Pinball Repair Service in Your Home -
Southeast Michigan, Mid Michigan, Toledo Ohio.

I get a lot of email asking, "Will you come to my home and fix my pinball?" The answer is YES! And the price is less than you may think.

In-Home Pinball Repair Service.
If you live anywhere around the lower east part of Michigan I can travel to your home and fix your pinball game (1950s-present, EM or Solidstate) in your home or business. This includes the South East Michigan and Detroit metro area like Bloomfield, Bloomfield Hills, West Bloomfield, Brighton, Howell, Novi, Ann Arbor, Ypsilanti, Belleville, Adrain, Northville, Hartland, Milford, Pinckney, Chelsea, Flint, Fenton, Holly, Whitmore Lake, Milan, Saline, Hamburg, Plymouth, Wixom, South Lyon, Orchard Lake, Farmington, Farmington Hills, Birmingham, Royal Oak, Walled Lake, Roseville, Beverly Hills MI, Redford, Livonia, Westland, White Lake, Grass Lake, Commerce, Franklin, Taylor, Dearborn, East Lansing, Fowlerville, Haslett, Mason, Holt. Sometimes even Clarkston, Sterling Heights, Troy too. Basically around the Detroit area and west (more or less). I also go towards E. Lansing down the I96 corridor. This includes the Michigan counties of counties including Oakland, Wayne, Monroe, Genesee, Livingston, Washtenaw and others.

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I specialize in pinball games from the 1950s to present. That means I can fix an old EM (electro-mechanical) pinball, or the most current solidstate pinball games. I also fix old shuffle alley/puck bowling and ball bowlers, arcade baseball pitch and bat games, arcade mechanical gun games, and other similar arcade games. This includes coin operated games made by Gottlieb, Williams, Bally, DataEast, Midway, Sega, Stern, Chicago Coin (CCM), Genco, Mutoscope, United and many others. Newer Solidstate dot matrix display games to the oldest electro-mechanical pinballs.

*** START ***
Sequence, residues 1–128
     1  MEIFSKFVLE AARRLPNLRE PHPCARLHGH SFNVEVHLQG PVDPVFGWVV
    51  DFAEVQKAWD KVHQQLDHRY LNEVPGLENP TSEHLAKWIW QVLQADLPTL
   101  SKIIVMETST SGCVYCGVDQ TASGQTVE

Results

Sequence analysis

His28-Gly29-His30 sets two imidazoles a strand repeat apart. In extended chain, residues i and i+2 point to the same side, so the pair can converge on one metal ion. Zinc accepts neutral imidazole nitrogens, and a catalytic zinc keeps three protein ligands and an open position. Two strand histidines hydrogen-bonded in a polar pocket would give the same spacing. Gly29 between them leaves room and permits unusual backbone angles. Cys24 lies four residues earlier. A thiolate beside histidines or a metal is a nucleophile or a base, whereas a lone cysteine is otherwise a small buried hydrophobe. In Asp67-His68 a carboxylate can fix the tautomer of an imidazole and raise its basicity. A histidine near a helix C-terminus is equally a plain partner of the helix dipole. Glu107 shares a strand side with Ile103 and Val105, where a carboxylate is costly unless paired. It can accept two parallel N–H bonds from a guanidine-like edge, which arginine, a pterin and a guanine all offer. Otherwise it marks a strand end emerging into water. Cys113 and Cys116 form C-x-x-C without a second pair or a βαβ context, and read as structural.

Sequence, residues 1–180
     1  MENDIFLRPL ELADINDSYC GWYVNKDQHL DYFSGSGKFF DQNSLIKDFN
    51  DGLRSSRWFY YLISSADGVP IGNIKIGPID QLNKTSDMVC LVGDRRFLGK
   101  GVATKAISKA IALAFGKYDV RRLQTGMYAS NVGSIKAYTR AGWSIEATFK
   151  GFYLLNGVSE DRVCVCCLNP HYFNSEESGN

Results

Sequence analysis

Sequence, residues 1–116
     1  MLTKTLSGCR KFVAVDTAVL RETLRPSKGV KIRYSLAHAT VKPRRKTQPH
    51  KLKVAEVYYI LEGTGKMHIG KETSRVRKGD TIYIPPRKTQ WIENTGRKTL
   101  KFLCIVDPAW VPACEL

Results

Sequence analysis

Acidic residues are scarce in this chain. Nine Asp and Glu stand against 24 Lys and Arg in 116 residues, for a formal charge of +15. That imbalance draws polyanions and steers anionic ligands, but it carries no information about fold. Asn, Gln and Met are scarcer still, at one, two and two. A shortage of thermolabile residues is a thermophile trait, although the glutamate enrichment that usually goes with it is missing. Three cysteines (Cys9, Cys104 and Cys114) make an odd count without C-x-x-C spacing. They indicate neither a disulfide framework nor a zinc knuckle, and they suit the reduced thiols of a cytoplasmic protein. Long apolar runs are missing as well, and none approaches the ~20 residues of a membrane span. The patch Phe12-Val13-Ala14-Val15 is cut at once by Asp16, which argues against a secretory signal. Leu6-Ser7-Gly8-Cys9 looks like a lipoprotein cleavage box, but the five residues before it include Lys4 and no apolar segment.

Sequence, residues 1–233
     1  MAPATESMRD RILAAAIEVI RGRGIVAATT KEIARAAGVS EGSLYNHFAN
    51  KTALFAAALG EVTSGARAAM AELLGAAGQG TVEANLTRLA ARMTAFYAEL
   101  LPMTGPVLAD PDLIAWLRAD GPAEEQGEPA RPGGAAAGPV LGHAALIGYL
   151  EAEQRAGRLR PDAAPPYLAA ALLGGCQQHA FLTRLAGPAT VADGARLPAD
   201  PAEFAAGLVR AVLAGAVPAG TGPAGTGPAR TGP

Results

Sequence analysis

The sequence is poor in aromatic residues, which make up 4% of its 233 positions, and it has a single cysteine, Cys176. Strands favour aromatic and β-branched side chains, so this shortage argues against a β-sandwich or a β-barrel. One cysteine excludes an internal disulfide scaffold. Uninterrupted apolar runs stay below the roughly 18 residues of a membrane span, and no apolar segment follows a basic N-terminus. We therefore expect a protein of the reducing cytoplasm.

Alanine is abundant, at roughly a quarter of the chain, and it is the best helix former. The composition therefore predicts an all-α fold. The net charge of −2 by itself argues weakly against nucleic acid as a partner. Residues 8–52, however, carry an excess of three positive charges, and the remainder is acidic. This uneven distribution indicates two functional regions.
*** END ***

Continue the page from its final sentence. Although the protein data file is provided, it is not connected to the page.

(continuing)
I bring all tools and parts for your game with me (I would say less than 5% of the time I have to make a second trip back because I am missing a part). And if I can't fix your game there's no charge (assuming you're not an hour's drive away.)

As part of the service I also clean the playing surface and the rubber bumpers (and replace them if they need it or you want it.) This only take a few minutes, and it's easy to do. I will show you how you can do this in the future too. Because keeping the playing surface clean is the best way to keep your game playing great, lasting longer, and of course looking good.